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  1. Fulltext. Longitudinal evaluation of serovar-specific immunity to Neisseria gonorrhoeae.

    Article - En anglais


    The serovars of Neisseria gonorrhoeae that are predominant in a community change over time, a phenomenon that may be due to the development of immunity to repeat infection with the same serovar.

    This study evaluated the epidemiologic evidence for serovar-specific immunity to N. gonorrhoeae.

    During a 17-month period in 1992-1994, all clients of a sexually transmitted disease clinic in rural North Carolina underwent genital culture for N. gonorrhoeae.

    Gonococcal isolates were serotyped according to standard methods.

    Odds ratios for repeat infection with the same serovar versus any different serovar were calculated on the basis of the distribution of serovars in the community at the time of reinfection.

    Of 2,838 patients, 608 (21.4% ; 427 males and 181 females) were found to be infected with N. gonorrhoeae at the initial visit.

    Ninety patients (14.8% of the 608) had a total of 112 repeat gonococcal infections.

    Repeat infection with the same serovar occurred slightly more often than would be expected based on the serovars prevalent in the community at the time of reinfection, though the result was marginally nonsignificant (odds ratio=1.5,95% confidence interval 1.0-2.4 ; p=0.05).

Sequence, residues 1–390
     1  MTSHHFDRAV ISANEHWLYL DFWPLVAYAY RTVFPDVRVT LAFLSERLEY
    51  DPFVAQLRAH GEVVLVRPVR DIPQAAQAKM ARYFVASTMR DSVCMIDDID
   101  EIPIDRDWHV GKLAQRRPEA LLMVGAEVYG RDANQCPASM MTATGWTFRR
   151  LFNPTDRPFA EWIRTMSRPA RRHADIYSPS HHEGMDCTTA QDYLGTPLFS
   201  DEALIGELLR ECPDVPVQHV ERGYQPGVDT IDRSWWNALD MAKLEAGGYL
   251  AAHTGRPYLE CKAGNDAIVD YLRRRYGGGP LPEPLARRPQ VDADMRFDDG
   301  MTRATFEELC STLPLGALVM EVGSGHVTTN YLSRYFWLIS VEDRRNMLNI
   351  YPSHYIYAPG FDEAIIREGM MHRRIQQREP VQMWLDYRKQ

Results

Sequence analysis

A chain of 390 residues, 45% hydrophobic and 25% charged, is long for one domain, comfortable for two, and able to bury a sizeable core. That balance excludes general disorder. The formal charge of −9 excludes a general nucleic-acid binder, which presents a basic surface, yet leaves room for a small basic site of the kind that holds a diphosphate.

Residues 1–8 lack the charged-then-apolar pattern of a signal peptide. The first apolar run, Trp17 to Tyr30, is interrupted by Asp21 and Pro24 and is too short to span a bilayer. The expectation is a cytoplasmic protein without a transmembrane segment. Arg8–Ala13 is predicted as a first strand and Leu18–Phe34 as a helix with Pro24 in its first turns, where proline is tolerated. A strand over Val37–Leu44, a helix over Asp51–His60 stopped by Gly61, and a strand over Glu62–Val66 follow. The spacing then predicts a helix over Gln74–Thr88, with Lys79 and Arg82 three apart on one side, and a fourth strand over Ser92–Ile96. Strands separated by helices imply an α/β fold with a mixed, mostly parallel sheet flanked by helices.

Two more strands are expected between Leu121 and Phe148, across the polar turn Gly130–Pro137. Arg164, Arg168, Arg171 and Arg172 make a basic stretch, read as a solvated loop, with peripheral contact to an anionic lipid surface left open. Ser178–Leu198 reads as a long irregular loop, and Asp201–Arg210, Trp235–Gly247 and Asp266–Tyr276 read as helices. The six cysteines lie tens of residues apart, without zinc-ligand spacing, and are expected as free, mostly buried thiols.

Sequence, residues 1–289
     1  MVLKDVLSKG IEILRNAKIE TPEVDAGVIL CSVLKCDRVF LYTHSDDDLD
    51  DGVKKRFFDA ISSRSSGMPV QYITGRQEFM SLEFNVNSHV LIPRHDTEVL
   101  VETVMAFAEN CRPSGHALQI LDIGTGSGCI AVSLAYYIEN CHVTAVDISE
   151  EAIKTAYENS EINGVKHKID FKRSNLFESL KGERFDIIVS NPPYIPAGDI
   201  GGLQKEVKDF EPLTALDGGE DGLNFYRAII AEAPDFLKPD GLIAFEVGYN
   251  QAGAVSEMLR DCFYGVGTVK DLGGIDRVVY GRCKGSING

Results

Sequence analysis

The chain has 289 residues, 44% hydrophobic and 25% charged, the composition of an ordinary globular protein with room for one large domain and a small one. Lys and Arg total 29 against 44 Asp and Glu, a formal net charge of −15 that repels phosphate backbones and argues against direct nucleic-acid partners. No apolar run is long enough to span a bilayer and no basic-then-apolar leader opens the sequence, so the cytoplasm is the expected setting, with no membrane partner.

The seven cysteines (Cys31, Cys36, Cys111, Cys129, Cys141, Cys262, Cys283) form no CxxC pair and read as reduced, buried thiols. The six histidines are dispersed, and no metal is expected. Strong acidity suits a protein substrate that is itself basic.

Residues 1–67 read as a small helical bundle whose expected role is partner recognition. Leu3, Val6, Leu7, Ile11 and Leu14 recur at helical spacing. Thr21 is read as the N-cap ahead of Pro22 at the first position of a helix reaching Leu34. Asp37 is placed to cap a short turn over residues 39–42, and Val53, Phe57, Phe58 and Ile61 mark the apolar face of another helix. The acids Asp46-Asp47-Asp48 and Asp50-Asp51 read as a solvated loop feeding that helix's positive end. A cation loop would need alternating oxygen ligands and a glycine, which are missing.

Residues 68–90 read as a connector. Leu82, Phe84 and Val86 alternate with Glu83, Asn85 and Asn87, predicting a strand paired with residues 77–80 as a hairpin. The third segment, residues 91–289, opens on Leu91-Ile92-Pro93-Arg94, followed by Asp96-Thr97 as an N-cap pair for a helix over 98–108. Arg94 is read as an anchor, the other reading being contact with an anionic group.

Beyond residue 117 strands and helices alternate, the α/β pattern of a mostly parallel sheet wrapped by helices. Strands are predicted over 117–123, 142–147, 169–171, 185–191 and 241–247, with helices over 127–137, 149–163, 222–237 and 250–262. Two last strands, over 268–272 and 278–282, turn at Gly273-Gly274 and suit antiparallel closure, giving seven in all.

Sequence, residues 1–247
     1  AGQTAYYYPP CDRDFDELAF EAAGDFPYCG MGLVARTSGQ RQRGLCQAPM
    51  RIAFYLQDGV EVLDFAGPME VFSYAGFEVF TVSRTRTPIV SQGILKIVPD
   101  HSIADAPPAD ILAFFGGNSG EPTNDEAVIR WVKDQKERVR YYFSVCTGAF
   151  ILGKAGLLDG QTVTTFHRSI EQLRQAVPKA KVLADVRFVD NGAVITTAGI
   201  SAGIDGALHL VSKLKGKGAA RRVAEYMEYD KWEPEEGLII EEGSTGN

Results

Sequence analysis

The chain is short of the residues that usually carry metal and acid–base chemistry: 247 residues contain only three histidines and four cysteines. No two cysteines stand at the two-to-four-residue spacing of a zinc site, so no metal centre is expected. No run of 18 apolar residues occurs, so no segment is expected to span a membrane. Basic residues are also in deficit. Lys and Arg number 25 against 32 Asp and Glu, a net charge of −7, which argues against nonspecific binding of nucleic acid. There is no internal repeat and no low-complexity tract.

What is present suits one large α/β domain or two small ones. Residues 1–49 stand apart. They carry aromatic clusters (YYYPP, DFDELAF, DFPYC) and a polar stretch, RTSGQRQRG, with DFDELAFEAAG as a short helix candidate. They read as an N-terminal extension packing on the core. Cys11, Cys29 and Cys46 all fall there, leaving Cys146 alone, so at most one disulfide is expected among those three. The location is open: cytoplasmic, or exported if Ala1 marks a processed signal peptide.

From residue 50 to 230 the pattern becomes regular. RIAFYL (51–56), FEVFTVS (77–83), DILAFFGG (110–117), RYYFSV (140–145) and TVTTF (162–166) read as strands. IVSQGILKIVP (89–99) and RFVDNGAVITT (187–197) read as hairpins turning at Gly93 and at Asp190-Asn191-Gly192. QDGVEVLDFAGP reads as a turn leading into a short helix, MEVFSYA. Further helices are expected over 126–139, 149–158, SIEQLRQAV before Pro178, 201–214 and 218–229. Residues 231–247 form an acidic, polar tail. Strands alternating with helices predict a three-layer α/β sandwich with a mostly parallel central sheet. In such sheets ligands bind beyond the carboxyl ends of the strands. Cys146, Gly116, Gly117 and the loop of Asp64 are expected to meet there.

Choosing partners within a sexual network may increase the likelihood of repeat exposure to the same serovar of N. gonorrhoeae.

    Gonococcal infection did not induce evident immunity to reinfection with the same serovar.

    Mots-clés Pascal : Maladie sexuellement transmissible, Gonococcie, Bactériose, Infection, Homme, Caroline du Nord, Etats Unis, Amérique du Nord, Amérique, Epidémiologie, Exploration bactériologique, Etude cohorte, Etude longitudinale, Milieu rural, Sérotype, Prévalence, Neisseria gonorrhoeae, Neisseriaceae, Micrococcales, Bactérie, Réinfection, Appareil génital pathologie

    Mots-clés Pascal anglais : Sexually transmitted disease, Gonococcal infection, Bacteriosis, Infection, Human, North Carolina, United States, North America, America, Epidemiology, Bacteriological investigation, Cohort study, Follow up study, Rural environment, Serotype, Prevalence, Neisseria gonorrhoeae, Neisseriaceae, Micrococcales, Bacteria, Reinfection, Genital diseases

    Logo du centre Notice produite par :
    Inist-CNRS - Institut de l'Information Scientifique et Technique

    Cote : 99-0167938

    Code Inist : 002B05B02H. Création : 16/11/1999.